There shall come forth a Rod from the stem of Jesse, And a Branch shall grow out of his roots. (Isaiah 11:1)
In the Name + of Jesus. Amen. Merry Christmas! The stem of Jesse. Jesse was King David’s dad. Isaiah prophesied that the Savior was going to come from a particular family tree: David’s. Jesus didn’t just show up out of nowhere. When He became man, He took on His flesh in the womb of Mary, a descendant of Jesse’s line. It’s a reminder that goes all the way back to Eden when the Lord told Eve that “her seed” would crush the serpent’s head.
Here’s the thing. God doesn’t shy away from mixing it up with us sinners. He takes on our flesh. Lives among us. Puts up with us. Carries our transgressions all the way to Calvary. And dies there for our sins before rising the third day. He does that by coming at a particular time, in a particular place, from a particular family.
With Jesus, there’s nothing hypothetical or generic. He is a real human being from a real family who carries our real sins to a real cross and dies a real death. What sets the Christian faith apart from other religions is that God Himself has come into this world in our flesh and done things to save us.
And He continues to do that as He uses water, words, bread and wine to deliver His gifts. Jesse’s son, David, became the King of Israel. Down the line from David, Jesus was born and is King of Kings. Your salvation is a real thing because your God is a real God—not just because “God exists” but because that God became man, born of a woman, born for you to save you.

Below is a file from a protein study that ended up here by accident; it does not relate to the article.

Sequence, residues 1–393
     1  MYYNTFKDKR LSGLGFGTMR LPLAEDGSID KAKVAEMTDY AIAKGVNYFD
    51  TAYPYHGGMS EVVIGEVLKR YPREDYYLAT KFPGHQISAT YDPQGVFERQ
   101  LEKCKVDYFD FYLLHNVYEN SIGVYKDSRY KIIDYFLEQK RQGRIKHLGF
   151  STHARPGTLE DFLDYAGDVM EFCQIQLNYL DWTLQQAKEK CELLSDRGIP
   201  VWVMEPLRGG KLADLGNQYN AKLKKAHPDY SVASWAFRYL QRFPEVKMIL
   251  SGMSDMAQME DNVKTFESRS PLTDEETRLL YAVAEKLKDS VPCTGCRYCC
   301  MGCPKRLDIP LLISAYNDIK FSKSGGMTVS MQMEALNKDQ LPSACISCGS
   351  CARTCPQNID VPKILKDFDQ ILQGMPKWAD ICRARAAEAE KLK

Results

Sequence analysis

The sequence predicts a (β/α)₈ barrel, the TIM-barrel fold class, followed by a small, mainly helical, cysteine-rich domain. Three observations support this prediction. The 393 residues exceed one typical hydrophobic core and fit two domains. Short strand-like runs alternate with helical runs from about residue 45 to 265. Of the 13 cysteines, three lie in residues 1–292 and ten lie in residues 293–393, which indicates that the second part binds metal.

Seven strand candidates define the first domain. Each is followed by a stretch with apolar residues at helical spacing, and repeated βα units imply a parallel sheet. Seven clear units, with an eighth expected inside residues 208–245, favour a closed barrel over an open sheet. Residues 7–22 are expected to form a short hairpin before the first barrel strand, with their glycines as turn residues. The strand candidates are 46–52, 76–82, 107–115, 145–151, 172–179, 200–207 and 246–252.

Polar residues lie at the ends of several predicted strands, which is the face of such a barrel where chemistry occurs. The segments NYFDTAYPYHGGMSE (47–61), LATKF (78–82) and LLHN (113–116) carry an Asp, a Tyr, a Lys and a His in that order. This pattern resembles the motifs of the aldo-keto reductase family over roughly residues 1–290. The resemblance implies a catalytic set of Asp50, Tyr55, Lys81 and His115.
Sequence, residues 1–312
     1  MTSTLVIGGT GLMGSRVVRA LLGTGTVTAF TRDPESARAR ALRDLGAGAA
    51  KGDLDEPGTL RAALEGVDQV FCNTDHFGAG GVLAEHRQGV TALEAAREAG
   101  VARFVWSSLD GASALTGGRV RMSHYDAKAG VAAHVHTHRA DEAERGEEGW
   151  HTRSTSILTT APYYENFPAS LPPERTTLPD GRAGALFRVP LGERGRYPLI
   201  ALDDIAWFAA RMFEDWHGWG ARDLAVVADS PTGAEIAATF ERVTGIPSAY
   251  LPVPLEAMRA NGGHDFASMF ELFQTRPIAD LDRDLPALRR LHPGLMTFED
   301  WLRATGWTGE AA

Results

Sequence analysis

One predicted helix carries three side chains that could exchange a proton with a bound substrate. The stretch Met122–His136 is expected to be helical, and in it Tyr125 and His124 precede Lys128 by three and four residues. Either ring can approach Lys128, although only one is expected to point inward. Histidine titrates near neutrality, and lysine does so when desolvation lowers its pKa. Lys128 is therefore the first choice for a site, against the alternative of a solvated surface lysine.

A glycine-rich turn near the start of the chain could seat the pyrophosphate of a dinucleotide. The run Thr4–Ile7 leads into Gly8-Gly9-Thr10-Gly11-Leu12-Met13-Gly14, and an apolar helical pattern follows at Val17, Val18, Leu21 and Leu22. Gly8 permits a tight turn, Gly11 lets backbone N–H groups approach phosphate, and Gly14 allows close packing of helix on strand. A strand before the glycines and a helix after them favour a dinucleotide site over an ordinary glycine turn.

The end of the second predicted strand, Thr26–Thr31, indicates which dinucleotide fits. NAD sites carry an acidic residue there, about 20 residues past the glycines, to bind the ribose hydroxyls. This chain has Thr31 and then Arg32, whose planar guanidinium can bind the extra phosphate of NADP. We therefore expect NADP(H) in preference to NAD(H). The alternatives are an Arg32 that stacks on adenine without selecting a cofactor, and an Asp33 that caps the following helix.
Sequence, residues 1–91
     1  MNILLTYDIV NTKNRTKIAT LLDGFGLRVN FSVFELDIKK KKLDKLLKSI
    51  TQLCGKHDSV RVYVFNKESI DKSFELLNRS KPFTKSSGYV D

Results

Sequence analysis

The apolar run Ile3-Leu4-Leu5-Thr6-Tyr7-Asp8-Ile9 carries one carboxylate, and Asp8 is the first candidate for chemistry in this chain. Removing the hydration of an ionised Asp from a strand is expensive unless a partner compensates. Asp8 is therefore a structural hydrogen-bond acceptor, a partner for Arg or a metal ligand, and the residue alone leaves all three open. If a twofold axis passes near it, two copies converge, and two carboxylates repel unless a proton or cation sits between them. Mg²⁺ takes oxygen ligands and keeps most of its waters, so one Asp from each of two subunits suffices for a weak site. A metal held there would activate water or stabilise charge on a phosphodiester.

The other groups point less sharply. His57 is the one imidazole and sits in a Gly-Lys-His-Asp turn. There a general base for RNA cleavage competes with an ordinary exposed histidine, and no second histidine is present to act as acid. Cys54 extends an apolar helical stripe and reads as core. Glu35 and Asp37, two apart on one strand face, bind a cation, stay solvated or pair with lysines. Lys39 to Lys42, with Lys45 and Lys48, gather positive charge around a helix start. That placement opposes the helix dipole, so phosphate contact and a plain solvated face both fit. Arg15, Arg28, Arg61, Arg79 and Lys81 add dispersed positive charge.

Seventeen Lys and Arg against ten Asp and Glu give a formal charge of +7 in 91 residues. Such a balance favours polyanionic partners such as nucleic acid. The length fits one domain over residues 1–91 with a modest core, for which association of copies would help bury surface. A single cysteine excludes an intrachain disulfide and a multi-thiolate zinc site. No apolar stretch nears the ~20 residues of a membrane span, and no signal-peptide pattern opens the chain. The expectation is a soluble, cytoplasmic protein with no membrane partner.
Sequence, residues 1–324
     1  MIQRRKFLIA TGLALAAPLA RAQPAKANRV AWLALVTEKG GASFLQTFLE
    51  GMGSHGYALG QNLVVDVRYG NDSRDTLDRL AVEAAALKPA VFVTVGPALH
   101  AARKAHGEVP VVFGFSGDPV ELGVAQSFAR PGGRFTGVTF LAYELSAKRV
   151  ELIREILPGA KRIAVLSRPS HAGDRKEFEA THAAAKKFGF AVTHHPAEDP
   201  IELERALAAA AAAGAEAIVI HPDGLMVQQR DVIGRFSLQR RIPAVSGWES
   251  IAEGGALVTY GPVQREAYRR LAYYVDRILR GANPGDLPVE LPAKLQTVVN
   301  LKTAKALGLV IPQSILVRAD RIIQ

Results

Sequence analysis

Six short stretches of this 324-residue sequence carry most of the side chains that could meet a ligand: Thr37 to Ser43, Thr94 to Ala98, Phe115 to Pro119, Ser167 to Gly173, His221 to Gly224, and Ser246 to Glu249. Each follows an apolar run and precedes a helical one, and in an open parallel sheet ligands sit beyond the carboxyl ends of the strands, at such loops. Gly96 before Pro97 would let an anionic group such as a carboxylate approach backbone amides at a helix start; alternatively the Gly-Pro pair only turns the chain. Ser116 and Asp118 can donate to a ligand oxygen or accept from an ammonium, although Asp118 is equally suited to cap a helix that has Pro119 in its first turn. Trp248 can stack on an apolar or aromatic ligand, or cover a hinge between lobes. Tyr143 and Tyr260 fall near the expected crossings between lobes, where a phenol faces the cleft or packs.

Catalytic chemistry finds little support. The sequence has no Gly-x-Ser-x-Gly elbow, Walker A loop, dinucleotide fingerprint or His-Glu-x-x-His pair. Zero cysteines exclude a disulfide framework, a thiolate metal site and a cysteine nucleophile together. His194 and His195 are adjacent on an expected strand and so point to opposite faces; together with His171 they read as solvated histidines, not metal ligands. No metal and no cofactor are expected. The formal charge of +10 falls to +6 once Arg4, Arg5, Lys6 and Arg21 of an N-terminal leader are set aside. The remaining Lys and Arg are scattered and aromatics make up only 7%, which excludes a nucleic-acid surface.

Jesus’ being born in the line of Jesse and David reminds us that the Lord was always working out the fulfillment of His promises through real people in a real family. It’s just as He does now, though not in a geographical Israel but through the family of His Church. He has made you a part of that family by your new birth from above in Baptism. In the Name + of Jesus. Amen.
O Come, Thou Branch of Jesse’s tree, Free them from Satan’s tyranny That trust Thy mighty pow’r to save, And give them vict’ry o’er the grave. Rejoice! Rejoice! Emmanuel Shall come to thee, O Israel! (O Come, O Come, Emmanuel, LSB 357:4)